Friday, April 15, 2011

Globalists Positioned to Exploit Japan's Tragedy

Wiki Commons
Tony Cartalucci, Contributing Writer
Activist Post

Bangkok, Thailand April 14, 2011 - With US troops occupying Iraq and Afghanistan, conducting military operations in Pakistan, Libya, Somalia, and covertly inside Iran, and troops tied up at more than 820 installations in at least 135 countries, America couldn't offer Japan much help even if they wanted to.

The United States has approximately 38,000 troops stationed in Japan, however they have neither the equipment nor the training to provide the sort of help needed to deal with Japan's unprecedented disaster. The Wall Street Journal has reported that US military forces were struggling against a myriad of foreseeable and unforeseeable obstacles to provide even a basic response such as surveying the damage or delivering badly needed supplies to disaster victims.

Despite occupying Japan for 66 years, the Wall Street Journal cites "language barriers" as one such obstacle to the US response. Radiological contamination is also cited, despite the treat of North Korean nuclear, biological, and chemical attack and the defense America supposedly provides against it that has been touted for years as a selling point for America's continued presence in Japanese territory.

The troops, most of which are likely doing their absolute best given what is on hand, are not to be blamed for this humiliating response. It is the politicians and the corporate interests steering them that have left the United States so far stretched it is incapable of responding to a crisis that threatens an "ally" and even its own shores. The botched response to Hurricane Katrina is another good example of this phenomenon in practice.

Adding Insult to Injury

While the globocrats myopically obsessed over exploiting a contrived crisis in Libya, there were smatterings of interest gravitating not around how to mitigate the ongoing disaster in Fukushima, but rather how Japan should rebuild - expressed amongst the pages of the corporate-funded think-tank reports.

One such report by Brookings Institute's Robert Pozen titled, "Japan Can Rebuild on New Economic Foundations" includes calls for Japan to throw its borders open, allowing immigrants to solve their aging population dilemma, reforming its political system to undermine spending in rural Japan, and of course, stimulating economic growth with advances in computer technology, drug discovery, and "financial innovation." Financial innovation is of course creating and marketing new forms of securities (i.e. derivatives.)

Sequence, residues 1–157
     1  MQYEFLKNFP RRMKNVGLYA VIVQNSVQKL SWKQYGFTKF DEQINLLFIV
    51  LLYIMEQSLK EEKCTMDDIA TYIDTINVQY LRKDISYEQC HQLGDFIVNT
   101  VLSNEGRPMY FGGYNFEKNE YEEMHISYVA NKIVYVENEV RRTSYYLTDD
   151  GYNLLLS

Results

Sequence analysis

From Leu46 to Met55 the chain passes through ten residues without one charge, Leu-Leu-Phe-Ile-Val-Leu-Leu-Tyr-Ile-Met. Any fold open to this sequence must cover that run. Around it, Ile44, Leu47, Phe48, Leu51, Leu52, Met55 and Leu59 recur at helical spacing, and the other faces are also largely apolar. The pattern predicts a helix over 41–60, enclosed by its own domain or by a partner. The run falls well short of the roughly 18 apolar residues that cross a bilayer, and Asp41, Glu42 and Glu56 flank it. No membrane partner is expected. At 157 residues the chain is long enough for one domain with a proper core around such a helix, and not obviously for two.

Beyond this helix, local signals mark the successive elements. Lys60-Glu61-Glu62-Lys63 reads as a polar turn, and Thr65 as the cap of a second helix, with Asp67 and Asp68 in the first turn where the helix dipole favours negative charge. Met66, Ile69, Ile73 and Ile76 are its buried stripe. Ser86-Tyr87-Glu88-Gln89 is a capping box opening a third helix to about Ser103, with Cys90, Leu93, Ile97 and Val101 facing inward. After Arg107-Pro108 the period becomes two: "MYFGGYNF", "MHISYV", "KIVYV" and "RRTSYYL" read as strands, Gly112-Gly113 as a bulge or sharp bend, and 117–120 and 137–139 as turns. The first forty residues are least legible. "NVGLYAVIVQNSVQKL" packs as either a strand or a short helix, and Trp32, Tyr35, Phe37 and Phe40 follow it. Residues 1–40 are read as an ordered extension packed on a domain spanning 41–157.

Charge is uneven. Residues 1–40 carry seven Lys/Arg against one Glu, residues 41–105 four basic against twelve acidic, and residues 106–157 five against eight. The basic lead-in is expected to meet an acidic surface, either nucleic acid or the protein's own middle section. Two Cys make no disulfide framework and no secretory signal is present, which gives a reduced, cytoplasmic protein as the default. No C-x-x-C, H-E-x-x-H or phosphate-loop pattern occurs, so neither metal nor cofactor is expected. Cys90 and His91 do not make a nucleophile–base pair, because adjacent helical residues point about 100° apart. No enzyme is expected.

The Council on Foreign Relations' (CFR) Foreign Affairs magazine article "Tokyo's Turning Point" sees the disaster as an opportunity for Japan to abandon protectionism and embrace the "free-trade" travesty that is the Trans-Pacific Partnership (TPP). The TPP is yet another bid to further mire nations in the disastrous interdependency that is dragging economies from the US and across Europe into a speculative debt black-hole brought on by international bankers.

The article continues by suggesting future military reforms resulting from March 11 should include removing "anachronistic constraints" on JSDF rules of engagement, interoperability with U.S. forces, and participation in international defense industrial collaboration. It also suggests that faith in nuclear power having been shaken, Japan's dependency on foreign oil will increase, breathing new life into America's mandate to maintain the security of sea-lanes from Japan's coast all the way to the Middle East (China's "String of Pearls.")

Patrick Cronin of the corporate lined Center for a New American Security (CNAS) concurs point-for-point, in his article "Japan’s New Deal Opportunity." He also calls for the full integration of Japan's military into a"NATO-style military interoperability for a range of missions, perhaps starting with humanitarian assistance and disaster relief." Such "interoperability" and the range of missions Mr. Cronin would like to see Japan take part in as they get back onto their feet, would undoubtedly be greatly beneficial to the military industrial complex that funds his CNAS think-tank.

Some corporate, foundation, and government supporters of CNAS include AT&T, BAE Systems (UK), Bechtel, BGR, Chertoff Group, Chevron, DynCorp, General Dynamics, General Electric Aviation, Google, Honeywell International, KBR, Lockheed Martin, Northrop Grumman, Raytheon, Rockefeller Brothers Fund, Blackstone Group, Boeing, Rockefeller Foundation, Tides Foundation, US Air Force, US Army, USMC, US Department of Defense, and the US Navy.

The consensus emanating from these unelected, extra-legal steering committees of Western policy represent a singular fixation on the pursuit of world government through financial and military hegemony. It is the lens through which all matters are viewed, including the unprecedented tragedy unfolding in Japan. Such myopic megalomaniacal obsession literally costs people their lives, as the priorities set forth but men driven by such an agenda side step real leadership in any given crisis in favor of shameless exploitation.